A pilot from JetBlue, an American airliner, has been federally charged with flying while drunk after flying from Orlando to New York with 151 passengers on board. The pilot, Dennis Thomas Murphy, was reported to have his blood alcohol content of .111% after landing at New York's JFK International Airport. He was tested again and achieved a result of .091%. Murphy was also reported to be red in the face, and to have been chewing gum. Murphy attributed his testing results to the gum. This was not Murphy's only flight of the day. Earlier Murphy flew from New York to Orlando, carrying 119 passengers. On this earlier flight, his co-pilot and flight attendants reported that he had been drinking an "unknown beverage" from a cup in the pilot's cabin. Murphy now faces federal charges.
Flying While Drunk
Unlike a typical DUI charge, flying while intoxicated is an entirely separate beast. A large number of pilots in the US fly for airline public transportation. These pilots are entrusted with the lives of their passengers, which can number well above 100. On top of this, a plane crash is several times more destructive, deadly, and expensive than a car crash. For these reasons, pilots are held to a higher standard than the average driver on their way home from the bar. Pilots, such as Murphy, are subject to random alcohol screenings and have a much lower legal limit. The limit set by the Federal Aviation Administration is .04% blood alcohol content. The Federal Aviation Administration is in charge of regulation of the nations skies, and the pilots that carry goods and people across them. This means that when a pilot faces charges for flying while intoxicated, they are facing them first at the federal level, instead of just the state level. Some states also choose to have their own laws concerning flying while intoxicated as well.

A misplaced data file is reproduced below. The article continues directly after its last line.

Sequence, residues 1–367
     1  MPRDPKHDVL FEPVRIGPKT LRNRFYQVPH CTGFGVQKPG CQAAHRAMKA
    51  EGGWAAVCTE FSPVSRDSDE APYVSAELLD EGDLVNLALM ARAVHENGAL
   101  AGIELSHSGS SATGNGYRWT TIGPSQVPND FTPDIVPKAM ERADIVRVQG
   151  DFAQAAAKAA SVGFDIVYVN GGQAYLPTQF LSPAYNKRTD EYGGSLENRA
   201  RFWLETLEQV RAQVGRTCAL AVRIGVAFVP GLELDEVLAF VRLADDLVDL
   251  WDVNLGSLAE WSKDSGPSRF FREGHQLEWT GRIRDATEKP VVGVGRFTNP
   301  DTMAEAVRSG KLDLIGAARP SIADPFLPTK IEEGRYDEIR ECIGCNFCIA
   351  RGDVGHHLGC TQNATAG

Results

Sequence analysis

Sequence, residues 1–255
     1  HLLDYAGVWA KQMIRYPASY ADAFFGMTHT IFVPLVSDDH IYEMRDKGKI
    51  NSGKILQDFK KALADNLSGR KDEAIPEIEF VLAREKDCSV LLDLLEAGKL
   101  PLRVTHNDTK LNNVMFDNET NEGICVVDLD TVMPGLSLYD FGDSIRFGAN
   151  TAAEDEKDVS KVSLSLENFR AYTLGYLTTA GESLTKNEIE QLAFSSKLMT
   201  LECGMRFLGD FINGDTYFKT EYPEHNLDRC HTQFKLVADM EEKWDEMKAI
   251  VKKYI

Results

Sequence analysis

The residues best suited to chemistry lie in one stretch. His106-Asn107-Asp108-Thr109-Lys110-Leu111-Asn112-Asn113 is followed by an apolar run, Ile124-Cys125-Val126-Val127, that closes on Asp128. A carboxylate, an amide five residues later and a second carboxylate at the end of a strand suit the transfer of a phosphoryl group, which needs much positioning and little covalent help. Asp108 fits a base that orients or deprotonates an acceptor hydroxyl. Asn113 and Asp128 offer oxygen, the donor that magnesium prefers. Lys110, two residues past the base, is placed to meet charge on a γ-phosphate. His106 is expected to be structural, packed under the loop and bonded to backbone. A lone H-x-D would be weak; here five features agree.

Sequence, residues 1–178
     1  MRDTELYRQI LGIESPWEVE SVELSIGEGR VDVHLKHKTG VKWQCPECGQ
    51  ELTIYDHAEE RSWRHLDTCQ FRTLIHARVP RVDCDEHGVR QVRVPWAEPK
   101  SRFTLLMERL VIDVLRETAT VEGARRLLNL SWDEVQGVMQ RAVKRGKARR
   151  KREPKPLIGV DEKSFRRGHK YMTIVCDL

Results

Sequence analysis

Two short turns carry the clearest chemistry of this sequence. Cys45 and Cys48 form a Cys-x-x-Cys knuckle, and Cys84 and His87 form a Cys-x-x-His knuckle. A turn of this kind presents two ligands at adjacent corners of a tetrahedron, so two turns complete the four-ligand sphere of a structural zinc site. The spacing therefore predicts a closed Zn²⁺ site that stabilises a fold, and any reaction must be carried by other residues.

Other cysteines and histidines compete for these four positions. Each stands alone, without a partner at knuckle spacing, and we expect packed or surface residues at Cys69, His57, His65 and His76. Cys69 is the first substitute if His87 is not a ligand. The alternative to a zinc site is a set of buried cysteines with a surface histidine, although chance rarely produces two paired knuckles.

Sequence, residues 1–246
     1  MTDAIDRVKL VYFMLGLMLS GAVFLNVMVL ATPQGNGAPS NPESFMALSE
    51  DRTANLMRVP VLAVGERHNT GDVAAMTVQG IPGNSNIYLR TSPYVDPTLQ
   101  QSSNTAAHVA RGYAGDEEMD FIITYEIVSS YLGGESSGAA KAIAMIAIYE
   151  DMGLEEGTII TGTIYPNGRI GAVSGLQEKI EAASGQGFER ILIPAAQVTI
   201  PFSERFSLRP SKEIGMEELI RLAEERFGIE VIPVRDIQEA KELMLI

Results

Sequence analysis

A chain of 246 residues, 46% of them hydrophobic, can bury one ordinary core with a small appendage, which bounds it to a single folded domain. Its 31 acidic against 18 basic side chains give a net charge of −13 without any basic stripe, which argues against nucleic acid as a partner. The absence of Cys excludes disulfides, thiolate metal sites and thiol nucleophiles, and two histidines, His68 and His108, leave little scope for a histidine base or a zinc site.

Murphy claimed that the gum he was chewing caused the breathalyzer to detect alcohol. Unless this particular brand of gum was infused with vodka, Murphy's claims may not hold up in court.
There are still some legitimate reasons as to why a breathalyzer test may give an inaccurate reading. One such reason affects diabetics. Breathalyzers measure certain chemical compound in the breath sample that contains the “methyl group” in their molecular structure. When a person with diabetes is suffering from low blood sugar, the body can enter a state called ketoacidosis, which causes the production of acetones in the breath. A breathalyzer can read significant levels of alcohol on a diabetic's breath, where in fact there may be little or none at all.
In addition to diabetic complications, other health issues, certain diets, and even mouthwash can result in a BAC reading that is inaccurate. With the help of an experienced DUI attorney, there are a number of ways to challenge the results of a breath test.